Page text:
Emigrating Toward a Safer Life
Editor’s Note: Leaving behind family and balmy tropical year-round weather and the black sand beaches of El Salvador, Oliver re-settled in the rainy gray climate of the North Atlantic where he knew no one. But that is what this young man felt he needed to do to find safety from a gang.
Several years ago a mutual friend introduced us to this Salvadoran youth, Oliver (a pseudonym), he was able to rescue from a desperate situation nearly costing Oliver his life. It involved members of a gang who had been bullying and intimidating him and his family over a period of time. It began with badgering him in his school, then infiltrating into his dad’s business forcing him to close it, and further pressuring the family to leave the church which was in gang territory. It culminated in the gang literally bursting into his home aggressively pistol-whipping him nearly to death in front of his family and threatening him that the next time would be certain death. Oliver escaped in the middle of the night to stay with our mutual friend. He recognized that by removing himself from his home, he might be able to prevent further terroristic threats and escalation against himself as well as his family.
We often wondered what happened to this courageous, outgoing young man who had many skills, a positive forgiving attitude, and strong faith. Thanks to a three-country What’s Ap conversation, we were pleased to catch up with him in Ireland as well as with his friend in El Salvador who rescued him and sheltered him from those dangers until he left the country.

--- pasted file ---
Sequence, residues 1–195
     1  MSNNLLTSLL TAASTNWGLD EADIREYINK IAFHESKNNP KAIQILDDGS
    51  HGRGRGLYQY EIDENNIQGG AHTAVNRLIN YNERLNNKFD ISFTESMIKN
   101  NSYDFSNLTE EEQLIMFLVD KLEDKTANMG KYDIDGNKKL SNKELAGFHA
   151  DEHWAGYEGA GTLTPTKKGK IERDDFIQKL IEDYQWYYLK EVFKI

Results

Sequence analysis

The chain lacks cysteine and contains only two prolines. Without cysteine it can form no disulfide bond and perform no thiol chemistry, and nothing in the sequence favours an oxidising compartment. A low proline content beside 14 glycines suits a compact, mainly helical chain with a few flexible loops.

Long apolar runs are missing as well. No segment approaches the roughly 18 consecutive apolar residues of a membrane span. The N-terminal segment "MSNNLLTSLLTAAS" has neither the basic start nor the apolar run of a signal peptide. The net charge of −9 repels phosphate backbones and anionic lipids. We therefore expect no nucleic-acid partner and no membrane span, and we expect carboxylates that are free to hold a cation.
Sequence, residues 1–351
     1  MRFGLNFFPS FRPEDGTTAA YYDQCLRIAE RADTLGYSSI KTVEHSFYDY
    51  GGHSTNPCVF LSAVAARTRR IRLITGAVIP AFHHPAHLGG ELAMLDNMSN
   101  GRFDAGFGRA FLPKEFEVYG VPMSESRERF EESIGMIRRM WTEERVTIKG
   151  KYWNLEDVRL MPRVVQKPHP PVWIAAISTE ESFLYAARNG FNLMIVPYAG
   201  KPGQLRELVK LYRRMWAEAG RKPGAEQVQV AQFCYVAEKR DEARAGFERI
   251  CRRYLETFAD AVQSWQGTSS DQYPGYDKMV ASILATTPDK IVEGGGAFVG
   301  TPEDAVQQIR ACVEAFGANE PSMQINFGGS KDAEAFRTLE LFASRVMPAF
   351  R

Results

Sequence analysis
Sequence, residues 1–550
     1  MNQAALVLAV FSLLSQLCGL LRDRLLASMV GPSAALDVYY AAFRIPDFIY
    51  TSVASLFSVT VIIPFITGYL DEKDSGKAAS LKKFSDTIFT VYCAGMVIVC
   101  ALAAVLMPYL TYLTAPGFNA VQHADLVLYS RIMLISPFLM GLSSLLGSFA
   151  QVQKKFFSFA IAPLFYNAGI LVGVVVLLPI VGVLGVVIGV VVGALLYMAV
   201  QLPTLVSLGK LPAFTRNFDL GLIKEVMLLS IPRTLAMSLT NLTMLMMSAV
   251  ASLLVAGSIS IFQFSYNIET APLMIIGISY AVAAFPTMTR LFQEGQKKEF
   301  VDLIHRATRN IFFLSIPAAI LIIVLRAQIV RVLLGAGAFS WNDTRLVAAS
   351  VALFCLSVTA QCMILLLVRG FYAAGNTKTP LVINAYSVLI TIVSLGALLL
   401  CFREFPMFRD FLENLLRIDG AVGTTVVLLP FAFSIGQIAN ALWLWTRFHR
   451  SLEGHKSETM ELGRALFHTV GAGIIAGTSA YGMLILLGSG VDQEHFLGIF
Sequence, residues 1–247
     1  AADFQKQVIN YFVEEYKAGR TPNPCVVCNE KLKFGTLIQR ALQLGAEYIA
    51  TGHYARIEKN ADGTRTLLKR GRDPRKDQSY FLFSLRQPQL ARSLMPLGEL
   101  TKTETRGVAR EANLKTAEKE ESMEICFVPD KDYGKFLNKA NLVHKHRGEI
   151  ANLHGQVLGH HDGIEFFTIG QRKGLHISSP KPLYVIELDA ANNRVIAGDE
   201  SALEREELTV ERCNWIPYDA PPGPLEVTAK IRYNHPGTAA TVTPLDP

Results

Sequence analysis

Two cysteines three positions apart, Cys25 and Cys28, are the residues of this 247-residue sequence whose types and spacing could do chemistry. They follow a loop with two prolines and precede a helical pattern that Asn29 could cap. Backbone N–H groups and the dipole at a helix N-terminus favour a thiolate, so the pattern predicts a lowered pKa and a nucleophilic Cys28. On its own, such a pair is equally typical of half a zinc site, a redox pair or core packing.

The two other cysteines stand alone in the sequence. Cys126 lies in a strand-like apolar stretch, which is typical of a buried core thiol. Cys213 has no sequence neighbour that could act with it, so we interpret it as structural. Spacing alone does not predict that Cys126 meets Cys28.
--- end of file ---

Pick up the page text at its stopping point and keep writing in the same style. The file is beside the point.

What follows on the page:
Here is an update on his life as it continues to unfold. Oliver shares:
“Things were showing no promise for me in El Salvador. I had lost my job through no fault of my own. My whole work team was released on a day I wasn’t even assigned to work. I have mechanical skills and had hoped to start a business with a friend but he backed out and I did not have enough financial resources to go into business on my own. I didn’t have sufficient funds to return to school to train in another field. Not only were all my career possibilities going nowhere, but also my personal life was not much better. I was not free to go visit my family with the gang looming in the area. In short, I simply was becoming more and more unhappy and saw no future for myself. The one positive part of my life was volunteering with youth in the inner-city church.
“A friend in the UK invited me to come visit. It was good timing to give me a change of scenery and see what would develop. I simply needed to be far away. I was able to get a tourist visa. In 2018 I left El Salvador. Once I was in the UK, I realized I could not return to El Salvador and face the danger of the gangs again. I needed a fresh start and applied as an asylum seeker after being there for six months. The basis of my status was the danger of the gangs. Along with my application I sent photos of my severe beating as well as letters of reference by church officials to authenticate my story. Of course, I was not permitted to work during that time until I received approval of my asylum status which I did eventually receive.